Development of bush fire prone land may require the incorporation of special building setbacks, landscaping and construction requirements. However, the type and extent of requirements that apply depend on the type of development, the degree of bush fire hazard and the distance from the bush fire hazard.

 

What bushfire requirements are required to be considered?

The NSW Rural Fire Service's Planning for Bush Fire Protection (2006) outlines the bush fire protection measures to be included when planning or modifying a residential or special fire protection purpose building or development in a bush fire prone area. These guidelines incorporate legislative provisions and performance criteria, together with more options for achieving compliance for proposed buildings in bush fire prone areas. This approach allows for considerable flexibility and innovation. It links the bush fire hazard for a site with implementation of appropriate bush fire protection measures.

The six bush fire protection measures include:

  1. Asset Protection Zones (fuel reduced areas).
  2. Building Construction and design (using AS:3959).
  3. Access arrangements.
  4. Water supply and utilities.
  5. Emergency Management Arrangements.
  6. Landscaping.
  7. A copy of the guidelines is available from: > NSW Rural Fire Service website.

 

What if only part of my property is bush fire prone?

If you are constructing a dwelling, or doing alterations and additions, and the dwelling or work is not located within that part of the site designated as bush fire prone land, no special bush fire requirements will be applied to the development application.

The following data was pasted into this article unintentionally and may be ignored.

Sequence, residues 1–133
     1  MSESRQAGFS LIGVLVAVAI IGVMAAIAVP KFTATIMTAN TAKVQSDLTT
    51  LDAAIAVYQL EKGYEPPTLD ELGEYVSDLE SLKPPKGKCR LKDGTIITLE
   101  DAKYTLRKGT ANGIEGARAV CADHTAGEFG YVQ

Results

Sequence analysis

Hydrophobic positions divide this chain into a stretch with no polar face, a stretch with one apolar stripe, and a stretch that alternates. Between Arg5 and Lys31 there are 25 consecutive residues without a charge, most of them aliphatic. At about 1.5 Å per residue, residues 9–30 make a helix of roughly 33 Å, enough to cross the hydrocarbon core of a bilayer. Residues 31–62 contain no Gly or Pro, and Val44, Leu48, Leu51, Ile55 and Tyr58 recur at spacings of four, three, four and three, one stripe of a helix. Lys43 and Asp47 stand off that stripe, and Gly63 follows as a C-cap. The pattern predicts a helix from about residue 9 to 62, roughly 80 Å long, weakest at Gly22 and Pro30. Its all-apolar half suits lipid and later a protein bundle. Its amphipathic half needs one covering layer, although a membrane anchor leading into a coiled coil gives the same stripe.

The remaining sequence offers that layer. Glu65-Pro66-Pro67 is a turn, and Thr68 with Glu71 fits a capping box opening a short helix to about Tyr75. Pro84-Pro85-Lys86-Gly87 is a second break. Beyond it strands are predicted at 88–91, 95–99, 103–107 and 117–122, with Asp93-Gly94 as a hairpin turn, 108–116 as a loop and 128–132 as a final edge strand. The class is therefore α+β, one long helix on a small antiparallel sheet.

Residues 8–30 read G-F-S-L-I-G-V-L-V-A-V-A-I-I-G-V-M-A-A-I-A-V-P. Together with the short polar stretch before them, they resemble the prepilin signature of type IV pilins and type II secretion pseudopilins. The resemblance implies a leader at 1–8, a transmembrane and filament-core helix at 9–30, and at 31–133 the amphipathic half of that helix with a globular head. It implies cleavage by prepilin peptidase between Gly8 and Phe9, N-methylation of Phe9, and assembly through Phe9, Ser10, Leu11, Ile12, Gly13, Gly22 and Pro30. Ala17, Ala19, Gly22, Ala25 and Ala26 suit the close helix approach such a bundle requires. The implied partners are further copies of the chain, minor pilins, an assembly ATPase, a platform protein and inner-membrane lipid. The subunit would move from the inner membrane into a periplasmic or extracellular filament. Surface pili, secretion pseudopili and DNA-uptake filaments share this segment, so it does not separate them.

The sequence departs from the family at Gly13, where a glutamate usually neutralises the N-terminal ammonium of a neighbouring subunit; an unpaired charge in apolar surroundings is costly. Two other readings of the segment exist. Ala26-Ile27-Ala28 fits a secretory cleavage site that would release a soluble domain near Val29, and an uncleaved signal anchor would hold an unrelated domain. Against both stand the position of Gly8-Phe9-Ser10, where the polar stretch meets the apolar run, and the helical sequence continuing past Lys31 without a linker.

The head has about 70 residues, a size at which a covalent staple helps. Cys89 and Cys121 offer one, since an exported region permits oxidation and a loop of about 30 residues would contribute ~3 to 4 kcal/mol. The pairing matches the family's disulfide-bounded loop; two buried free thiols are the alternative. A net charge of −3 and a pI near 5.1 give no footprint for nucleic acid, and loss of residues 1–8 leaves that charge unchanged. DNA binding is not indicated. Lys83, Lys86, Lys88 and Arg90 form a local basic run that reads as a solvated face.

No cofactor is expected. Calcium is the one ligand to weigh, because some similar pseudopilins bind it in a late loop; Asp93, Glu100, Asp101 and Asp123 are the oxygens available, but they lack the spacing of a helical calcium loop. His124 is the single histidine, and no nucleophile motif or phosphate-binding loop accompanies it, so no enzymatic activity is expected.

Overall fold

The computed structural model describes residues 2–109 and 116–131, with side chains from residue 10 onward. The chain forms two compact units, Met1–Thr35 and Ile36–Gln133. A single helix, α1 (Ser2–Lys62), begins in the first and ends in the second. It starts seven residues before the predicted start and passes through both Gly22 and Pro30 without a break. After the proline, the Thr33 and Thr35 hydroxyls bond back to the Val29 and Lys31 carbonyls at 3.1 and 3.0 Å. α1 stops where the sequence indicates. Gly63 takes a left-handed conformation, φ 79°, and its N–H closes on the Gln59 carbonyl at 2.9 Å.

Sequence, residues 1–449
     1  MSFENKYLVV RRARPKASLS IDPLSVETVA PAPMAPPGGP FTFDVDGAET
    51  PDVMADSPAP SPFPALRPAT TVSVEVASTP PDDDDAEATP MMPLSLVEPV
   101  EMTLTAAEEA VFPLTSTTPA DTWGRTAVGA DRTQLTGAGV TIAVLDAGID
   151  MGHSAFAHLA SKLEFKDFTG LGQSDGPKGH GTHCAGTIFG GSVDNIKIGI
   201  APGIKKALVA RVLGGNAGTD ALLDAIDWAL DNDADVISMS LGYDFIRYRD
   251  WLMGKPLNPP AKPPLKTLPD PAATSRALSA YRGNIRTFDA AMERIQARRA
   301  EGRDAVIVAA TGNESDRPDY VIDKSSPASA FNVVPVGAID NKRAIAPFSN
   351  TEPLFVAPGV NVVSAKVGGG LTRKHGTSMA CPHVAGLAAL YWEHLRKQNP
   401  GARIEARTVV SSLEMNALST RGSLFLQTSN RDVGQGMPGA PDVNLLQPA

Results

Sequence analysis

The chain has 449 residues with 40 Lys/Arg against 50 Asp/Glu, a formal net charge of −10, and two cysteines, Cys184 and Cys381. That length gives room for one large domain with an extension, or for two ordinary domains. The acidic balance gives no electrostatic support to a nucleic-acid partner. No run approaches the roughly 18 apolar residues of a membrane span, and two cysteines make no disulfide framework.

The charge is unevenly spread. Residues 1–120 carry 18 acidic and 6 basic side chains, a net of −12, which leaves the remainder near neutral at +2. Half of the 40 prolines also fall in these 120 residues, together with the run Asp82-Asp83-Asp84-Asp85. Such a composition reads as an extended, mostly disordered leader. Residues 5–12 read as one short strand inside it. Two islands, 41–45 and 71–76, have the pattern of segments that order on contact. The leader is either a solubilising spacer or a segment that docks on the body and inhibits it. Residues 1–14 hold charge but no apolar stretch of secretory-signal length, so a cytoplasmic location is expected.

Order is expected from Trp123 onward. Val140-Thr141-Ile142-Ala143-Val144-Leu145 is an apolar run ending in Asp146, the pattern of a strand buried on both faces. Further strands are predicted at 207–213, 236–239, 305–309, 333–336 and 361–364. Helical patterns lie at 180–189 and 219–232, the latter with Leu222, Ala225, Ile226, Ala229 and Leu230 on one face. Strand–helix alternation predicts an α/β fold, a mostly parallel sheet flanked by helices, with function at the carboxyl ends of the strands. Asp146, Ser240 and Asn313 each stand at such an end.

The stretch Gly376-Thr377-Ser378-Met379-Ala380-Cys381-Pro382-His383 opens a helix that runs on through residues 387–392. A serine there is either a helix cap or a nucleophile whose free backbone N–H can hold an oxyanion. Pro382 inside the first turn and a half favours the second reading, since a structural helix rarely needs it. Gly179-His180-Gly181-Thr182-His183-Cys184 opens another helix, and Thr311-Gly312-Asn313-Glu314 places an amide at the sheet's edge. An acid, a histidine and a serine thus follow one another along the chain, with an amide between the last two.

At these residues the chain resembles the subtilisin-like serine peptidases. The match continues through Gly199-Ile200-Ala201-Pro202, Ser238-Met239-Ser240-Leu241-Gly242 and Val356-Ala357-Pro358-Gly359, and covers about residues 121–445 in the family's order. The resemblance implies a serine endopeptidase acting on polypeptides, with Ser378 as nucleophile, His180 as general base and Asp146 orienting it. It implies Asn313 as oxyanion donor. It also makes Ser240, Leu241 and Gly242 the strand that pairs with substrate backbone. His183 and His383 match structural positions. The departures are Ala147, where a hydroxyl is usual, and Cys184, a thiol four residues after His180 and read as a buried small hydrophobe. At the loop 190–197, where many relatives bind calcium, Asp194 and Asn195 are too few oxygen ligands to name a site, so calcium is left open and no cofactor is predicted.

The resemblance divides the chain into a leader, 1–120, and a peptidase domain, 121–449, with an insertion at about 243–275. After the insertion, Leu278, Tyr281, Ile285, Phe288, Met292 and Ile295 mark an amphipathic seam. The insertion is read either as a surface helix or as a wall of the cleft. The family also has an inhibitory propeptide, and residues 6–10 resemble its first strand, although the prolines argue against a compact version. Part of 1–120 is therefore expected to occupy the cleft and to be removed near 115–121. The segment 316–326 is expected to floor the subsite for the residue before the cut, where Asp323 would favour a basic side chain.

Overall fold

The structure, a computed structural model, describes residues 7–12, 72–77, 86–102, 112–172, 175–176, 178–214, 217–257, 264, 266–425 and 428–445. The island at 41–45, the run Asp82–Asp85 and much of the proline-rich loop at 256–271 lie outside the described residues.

If the application is for a residential subdivision, or other types of development identified as 'integrated development' under Section 100B of the Rural Fires Act [eg. school, nursing home, State Environmental Planning Policy (Housing for Seniors or People with a Disability) 2004], the application is still considered to be integrated development and must be referred to the Rural Fire Service.

 

What if my house is located outside of the bush fire prone area?

The edge of the bush fire prone land line on the map is artificial. The impact of a bush fire may not be limited to the designated bush fire prone area. However, it is considered that the level of bush fire risk outside of these areas is such that no special bush fire construction measures need to be incorporated into a development. The bush fire risk can be adequately managed by normal building practices, combined with ongoing maintenance of buildings and yards by the owners or occupiers.

 

Further information

Council has prepared a fact sheet to provide additional detail to explain the relevant approval processes required for development on land which is identified as being bush fire prone.

Bush Fire Prone Land fact sheet (130KB)

Additional fact sheets relating to building within bush fire prone areas are also available from NSW Rural Fire Services website

If you require further information, please contact one of Council's Planning Advisers (02) 9936 8100.